Power 2008: The Elements of Influence


Case Study: Jan Saragoni, founder, Saragoni & Company; Michael Goldman, senior consultant, Government Insight Group

ALL POWER IS DERIVED in large part from relationships, but in Boston — where media, politics, and PR are connected to
the point of symbiosis — those who manage to move gracefully among the three (i.e., schmooze like a champ) may find themselves disproportionately successful. Exhibit A: Jan Saragoni and Michael Goldman.

Saragoni professes hatred for the word "schmooze" because it sounds "slippery and superficial." She prefers to describe her job as "czarina of public relations." Whatever you want to call it — working a room, chatting up the press, making introductions and connections, trafficking in information — she’s got a gift. A former Associated Press reporter, she worked for Kevin White and Michael Dukakis before founding her own boutique PR agency; combined with her service on the boards of the Greenway Conservancy and the Mass. Women’s Political Caucus, it’s a résumé that’s ensured she’s always got juicy gossip to share with journalists, many of whom then become happy to return the favor. "When I was at the Globe, everyone took her calls, and everyone was talking about what she was pitching," says Doreen Vigue, now a NECN spokeswoman. "She’s a news junkie. She’s everywhere. And she knows every power broker in town."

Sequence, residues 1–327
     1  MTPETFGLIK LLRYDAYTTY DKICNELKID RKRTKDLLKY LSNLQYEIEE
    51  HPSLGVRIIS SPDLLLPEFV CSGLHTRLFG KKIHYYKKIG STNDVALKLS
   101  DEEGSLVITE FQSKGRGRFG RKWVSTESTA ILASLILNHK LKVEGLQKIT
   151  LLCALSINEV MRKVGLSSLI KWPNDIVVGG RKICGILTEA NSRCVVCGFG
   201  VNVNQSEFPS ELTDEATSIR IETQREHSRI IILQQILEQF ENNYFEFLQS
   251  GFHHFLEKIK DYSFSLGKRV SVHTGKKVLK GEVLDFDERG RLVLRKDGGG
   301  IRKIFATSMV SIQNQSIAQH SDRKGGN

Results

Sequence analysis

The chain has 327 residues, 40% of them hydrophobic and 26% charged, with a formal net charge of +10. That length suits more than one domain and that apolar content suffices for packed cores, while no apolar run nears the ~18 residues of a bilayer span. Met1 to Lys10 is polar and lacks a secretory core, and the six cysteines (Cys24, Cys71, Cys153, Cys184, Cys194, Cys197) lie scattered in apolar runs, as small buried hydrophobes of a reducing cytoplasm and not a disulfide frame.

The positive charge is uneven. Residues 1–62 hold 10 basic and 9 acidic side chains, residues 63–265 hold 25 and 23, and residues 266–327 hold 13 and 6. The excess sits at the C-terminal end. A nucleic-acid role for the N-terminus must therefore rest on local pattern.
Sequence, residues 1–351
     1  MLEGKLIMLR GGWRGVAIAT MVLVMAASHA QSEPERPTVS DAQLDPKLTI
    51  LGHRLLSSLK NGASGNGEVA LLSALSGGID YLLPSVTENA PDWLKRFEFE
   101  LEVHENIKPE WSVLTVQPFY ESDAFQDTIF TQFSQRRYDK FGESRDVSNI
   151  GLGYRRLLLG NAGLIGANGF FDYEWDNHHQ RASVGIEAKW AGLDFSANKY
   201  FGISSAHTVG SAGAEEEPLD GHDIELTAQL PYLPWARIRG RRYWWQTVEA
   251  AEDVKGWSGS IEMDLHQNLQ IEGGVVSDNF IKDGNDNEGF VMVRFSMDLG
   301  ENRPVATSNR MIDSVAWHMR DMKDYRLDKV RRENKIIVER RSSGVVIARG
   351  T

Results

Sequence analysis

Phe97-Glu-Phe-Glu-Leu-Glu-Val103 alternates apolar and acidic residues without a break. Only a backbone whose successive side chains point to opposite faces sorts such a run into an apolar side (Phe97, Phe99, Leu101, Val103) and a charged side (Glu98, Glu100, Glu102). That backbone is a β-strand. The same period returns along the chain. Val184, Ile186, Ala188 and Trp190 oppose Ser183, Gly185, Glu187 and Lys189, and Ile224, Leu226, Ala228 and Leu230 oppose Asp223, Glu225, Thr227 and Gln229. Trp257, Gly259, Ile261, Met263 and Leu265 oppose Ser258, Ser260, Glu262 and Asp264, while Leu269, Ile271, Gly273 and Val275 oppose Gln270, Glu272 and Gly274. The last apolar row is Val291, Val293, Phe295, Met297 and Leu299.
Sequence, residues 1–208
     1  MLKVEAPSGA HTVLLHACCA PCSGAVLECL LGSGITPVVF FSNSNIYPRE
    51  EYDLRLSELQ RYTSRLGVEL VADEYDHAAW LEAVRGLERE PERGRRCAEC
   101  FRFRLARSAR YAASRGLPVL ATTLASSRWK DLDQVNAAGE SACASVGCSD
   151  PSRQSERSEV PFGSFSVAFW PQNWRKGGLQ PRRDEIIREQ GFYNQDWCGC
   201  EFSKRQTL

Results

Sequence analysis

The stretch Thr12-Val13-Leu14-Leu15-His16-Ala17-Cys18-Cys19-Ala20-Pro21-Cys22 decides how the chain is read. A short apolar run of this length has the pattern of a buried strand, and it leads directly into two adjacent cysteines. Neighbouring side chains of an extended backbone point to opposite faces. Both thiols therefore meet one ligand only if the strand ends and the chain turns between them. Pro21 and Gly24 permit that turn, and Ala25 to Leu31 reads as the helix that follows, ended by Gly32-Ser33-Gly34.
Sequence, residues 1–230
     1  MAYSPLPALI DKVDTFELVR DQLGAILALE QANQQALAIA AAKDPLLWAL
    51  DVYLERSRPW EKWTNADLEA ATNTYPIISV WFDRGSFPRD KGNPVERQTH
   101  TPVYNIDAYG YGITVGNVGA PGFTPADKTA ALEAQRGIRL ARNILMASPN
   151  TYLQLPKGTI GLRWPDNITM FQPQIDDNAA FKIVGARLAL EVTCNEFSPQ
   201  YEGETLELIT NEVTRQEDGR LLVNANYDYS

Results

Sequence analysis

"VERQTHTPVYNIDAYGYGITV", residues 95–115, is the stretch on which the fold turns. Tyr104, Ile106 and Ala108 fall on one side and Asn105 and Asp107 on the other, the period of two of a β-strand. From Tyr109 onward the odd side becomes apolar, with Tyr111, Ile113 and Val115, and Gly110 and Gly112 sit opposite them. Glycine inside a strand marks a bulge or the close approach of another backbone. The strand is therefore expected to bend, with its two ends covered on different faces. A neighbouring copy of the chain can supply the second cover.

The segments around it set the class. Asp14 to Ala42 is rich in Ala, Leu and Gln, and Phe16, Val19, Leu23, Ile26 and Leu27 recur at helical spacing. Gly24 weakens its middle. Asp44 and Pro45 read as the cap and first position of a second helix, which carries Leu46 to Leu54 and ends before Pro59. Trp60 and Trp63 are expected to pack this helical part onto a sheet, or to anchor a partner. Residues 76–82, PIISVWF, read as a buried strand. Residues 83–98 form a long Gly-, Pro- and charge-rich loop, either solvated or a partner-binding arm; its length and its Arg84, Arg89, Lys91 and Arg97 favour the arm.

For his part, Goldman does not share Saragoni’s reservations about the dirty word: "Schmooz" is actually in his e-mail address. After 200-odd political campaigns and untold numbers of panicked phone calls from reporters on deadline, he remains constantly available to trade gossip, unleash a devastating joke, provide contacts, or relay a story about an old legislative battle. (Over the years, he’s turned up in so many articles that the Globe has had to periodically ban reporters from quoting him.)

One Democratic operative recalls being in a campaign meeting when Goldman received a tip. "I watched for 12 minutes while he made 15 phone calls. He turned one bit of information into seven hits. It was a flurry." It was for that aptitude that Deval Patrick’s chief of staff, Doug Rubin, tapped Goldman to serve as an informal adviser to his boss, who’s certainly needed the help. "He really believes what he says. It’s not just spin," Rubin says. Though at meetings, he adds, "it’s tough to get a word in edgewise. You’ve got to set aside a little bit more time for the conversation." —Paul McMorrow